Made in Abyss, on the other hand, maintains a classic, timeless sense of storytelling that functions on a very basic level of narrative build-up — starting with setting, conflict identification, and character development through its issuance of conflict. Does this make the whole premise of Made in Abyss simple? Yes, definitely — and I think that’s important for the success of a good fantasy adventure story. I truly hope this series maintains the relative simplicity without having to needlessly complicate its already functional narrative structure; but then again, I feel confident that this will be a great show through and through — fingers crossed.
My Hero Academia (Ep. 30 )
To be honest, I wasn’t all too impressed with the show’s introspection into Tenya’s heroic attitude, simply because he is beset with the age-old problem of defining Justice. Tenya’s character is one that is exemplified by integrity, and it is his own insistence in the brand of justice exemplified by his older brother Ingenium that transforms his innocent intentions to always do the right thing into what is essentially an exertion of self-righteousness. If anything, Tenya’s character serves as a word of caution to us that heroes are humans, first and foremost, and that all heroic intentions belie a deeper, more personal motivation. How this motivation is manifested is what blurs the lines between what is considered good and evil, and so Tenya’s concept of revenge seems justified under the pretext of “justice”. Quite similarly, Hero Killer Stain’s concept of justice is undoubtedly framed as “evil”, but seems eerily similar to the sort of sentiment that was held by Tenya. How Tenya copes with this realization will be interesting, but I think is the next phase in his realization of the heroic attitude that will serve as his legacy as the successor of the Ingenium name. So all-in-all, this episode pretty much left things hanging with regard to what Tenya’s character conflict and Stain’s role mean in the greater scheme of things — so yeah, all we need now is that next episode.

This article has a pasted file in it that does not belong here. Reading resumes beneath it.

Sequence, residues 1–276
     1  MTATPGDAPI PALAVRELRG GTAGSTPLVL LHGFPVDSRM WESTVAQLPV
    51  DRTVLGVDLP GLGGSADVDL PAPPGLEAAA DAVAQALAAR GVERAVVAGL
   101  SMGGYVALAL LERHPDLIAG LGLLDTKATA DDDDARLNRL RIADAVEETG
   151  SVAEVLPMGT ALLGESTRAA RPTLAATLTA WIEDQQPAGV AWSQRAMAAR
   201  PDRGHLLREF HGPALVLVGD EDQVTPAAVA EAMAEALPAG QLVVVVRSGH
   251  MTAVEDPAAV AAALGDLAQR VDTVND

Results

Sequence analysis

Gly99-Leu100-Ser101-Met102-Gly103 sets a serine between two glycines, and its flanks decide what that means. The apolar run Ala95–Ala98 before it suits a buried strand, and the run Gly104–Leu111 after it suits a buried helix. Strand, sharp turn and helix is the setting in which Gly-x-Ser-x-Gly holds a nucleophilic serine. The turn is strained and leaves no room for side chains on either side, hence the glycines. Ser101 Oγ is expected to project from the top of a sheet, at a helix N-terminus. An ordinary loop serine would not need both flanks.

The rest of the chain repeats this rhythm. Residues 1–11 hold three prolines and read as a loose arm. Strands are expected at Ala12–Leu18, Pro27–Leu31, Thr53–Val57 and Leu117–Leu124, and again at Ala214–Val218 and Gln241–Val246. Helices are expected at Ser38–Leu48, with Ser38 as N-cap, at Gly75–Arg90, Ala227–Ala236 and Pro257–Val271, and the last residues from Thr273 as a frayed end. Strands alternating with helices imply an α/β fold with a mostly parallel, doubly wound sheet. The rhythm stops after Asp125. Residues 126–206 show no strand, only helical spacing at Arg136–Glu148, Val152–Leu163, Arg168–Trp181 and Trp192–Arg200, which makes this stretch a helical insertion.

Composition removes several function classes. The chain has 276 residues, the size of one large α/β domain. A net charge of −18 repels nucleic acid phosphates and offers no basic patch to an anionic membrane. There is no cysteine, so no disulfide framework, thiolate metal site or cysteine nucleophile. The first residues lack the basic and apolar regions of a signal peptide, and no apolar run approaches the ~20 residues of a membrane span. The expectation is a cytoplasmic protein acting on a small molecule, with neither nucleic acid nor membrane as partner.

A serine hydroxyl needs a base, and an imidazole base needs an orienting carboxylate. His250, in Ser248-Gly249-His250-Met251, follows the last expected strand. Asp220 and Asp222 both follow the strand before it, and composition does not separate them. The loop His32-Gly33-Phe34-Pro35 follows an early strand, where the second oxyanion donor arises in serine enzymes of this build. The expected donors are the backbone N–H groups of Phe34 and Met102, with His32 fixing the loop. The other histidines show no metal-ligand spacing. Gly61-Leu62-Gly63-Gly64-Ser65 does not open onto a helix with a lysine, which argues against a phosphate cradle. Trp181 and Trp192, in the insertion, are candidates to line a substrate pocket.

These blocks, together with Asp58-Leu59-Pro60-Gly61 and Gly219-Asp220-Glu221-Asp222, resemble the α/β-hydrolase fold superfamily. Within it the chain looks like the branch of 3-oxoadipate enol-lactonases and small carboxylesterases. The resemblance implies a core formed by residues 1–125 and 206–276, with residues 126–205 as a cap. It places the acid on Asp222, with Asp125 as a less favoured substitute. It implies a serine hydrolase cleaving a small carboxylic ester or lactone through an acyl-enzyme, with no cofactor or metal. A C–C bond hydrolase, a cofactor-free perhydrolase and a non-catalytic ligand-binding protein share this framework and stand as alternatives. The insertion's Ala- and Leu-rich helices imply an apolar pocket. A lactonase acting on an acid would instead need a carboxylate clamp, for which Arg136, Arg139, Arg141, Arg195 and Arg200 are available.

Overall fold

NEW GAME!! (Ep. 4)